When thinking of Scandinavian cooking, what comes to mind?Â Is it the taste of unripe fruit, conifers, and buttermilk?Â Or how about the dish presentation equipped with rocks, shells, leaves, and pods artfully placed on the plate to look as if you happened to stumble on some wild cuisine out in the forest?
Classic Scandinavian cooking style has always had a deep relationship with the land itself.Â Â Dishes are cooked with local ingredients found in-season, putting major restrictions on the types of foods a chef has to work with.Â Traditional Nordic dishes are also put together almost in homage to Nature itself.Â These age old traditions have preserved beautifully ancient techniques and practices, but the preservation comes with a price.
From October to April, freshly grown ingredients are MIA.Â So the challenge for Scandinavian cooking has been not only dealing with the scarcity of ingredients, but also making food in a traditional manner appealing to countries that have much longer growing and harvesting seasons.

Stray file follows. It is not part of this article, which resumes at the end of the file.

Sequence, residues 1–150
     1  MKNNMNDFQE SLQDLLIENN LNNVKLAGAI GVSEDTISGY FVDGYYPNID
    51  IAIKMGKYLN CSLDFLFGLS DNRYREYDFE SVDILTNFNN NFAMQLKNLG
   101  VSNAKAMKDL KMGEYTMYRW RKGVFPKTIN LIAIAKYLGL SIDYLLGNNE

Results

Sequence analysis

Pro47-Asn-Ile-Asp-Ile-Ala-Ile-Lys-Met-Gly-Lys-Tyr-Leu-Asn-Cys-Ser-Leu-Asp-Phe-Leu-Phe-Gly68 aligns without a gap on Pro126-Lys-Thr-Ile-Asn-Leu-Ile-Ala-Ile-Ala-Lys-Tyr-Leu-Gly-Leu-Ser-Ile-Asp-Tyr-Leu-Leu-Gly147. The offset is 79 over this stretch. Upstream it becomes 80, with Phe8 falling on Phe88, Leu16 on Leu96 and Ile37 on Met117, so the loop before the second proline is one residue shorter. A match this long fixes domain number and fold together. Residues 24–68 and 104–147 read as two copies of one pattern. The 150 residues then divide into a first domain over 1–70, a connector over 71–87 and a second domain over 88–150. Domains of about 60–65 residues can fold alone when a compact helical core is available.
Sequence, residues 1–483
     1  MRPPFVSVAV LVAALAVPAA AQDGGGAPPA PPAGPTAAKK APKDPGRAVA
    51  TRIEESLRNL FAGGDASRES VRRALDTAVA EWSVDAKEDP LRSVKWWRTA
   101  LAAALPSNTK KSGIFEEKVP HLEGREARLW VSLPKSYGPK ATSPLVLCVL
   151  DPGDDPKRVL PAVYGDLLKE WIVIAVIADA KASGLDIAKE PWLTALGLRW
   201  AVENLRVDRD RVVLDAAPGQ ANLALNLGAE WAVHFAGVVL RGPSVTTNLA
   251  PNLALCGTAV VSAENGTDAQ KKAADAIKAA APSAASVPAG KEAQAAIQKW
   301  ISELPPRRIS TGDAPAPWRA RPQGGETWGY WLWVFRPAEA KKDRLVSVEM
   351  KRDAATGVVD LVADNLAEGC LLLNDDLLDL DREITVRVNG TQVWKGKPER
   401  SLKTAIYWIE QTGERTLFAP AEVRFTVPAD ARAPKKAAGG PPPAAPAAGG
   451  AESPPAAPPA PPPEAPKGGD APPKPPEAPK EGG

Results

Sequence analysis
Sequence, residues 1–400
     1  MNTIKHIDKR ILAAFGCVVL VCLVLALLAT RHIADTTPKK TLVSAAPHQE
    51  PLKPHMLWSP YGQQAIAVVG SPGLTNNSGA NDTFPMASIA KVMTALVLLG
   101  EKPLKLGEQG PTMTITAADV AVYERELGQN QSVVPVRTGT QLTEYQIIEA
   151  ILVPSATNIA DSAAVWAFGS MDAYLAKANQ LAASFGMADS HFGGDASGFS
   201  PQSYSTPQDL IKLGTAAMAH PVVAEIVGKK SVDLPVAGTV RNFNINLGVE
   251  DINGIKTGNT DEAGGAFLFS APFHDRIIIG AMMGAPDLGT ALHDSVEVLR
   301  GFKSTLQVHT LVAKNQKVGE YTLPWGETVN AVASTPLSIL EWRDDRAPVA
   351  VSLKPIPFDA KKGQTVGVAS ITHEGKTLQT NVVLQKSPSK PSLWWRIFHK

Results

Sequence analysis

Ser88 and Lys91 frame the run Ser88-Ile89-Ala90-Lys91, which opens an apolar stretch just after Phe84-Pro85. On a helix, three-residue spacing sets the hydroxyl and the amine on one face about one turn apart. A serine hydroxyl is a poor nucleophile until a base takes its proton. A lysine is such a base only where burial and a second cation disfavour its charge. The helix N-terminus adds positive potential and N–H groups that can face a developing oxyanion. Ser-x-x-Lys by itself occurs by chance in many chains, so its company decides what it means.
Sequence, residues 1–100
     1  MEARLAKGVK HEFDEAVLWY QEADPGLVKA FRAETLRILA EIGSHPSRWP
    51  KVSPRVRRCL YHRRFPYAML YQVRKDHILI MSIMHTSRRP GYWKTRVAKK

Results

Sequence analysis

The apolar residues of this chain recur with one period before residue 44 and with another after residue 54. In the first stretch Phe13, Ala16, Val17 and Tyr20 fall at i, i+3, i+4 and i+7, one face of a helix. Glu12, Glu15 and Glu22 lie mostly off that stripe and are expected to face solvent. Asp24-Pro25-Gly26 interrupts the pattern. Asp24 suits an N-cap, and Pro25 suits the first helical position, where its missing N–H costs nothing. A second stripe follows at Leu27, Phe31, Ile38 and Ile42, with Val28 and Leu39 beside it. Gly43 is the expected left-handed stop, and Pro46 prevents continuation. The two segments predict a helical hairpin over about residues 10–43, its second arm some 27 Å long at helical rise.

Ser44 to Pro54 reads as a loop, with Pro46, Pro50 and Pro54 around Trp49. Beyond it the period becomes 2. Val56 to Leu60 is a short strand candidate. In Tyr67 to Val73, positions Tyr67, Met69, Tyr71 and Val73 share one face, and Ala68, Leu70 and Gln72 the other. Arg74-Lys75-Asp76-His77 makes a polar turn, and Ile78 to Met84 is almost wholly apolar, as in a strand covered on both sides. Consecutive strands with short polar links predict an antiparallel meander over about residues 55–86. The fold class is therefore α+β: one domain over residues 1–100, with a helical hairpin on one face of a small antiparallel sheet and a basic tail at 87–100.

The New York Times featured an article today that looks into the recent movement towards traditional Scandinavian cooking.Â Chefs are going to events like Rene Redzepi’s MAD FoodCamp or Cook It Raw, a gathering of chefs that go out into the wild to rummage for ingredients in the permafrost and cook by campfire.Â This sort of experience prioritizes cooking back to its essence, its origins outside of technological dependence. The article also mentioned my friend, Chef Mathias Dahlgren, who is also bringing back the Scandinavian classics to restaurants.
In this Scandinavian takeover, the point isn’t using the same ingredients people use in the European North.Â It has everything to do with cooking methodology and getting back to natural ways of making complex, earthy flavors and designs.Â All in all, it’s like culinary Zen.
I want to congratulate Mathias and Rene for cooking with their roots and bringing traditional Nordic food to the forefront. Continue on your great work and I can’t wait to see to what new heights Scandinavian food reaches.
Photo: Sarah Ackerman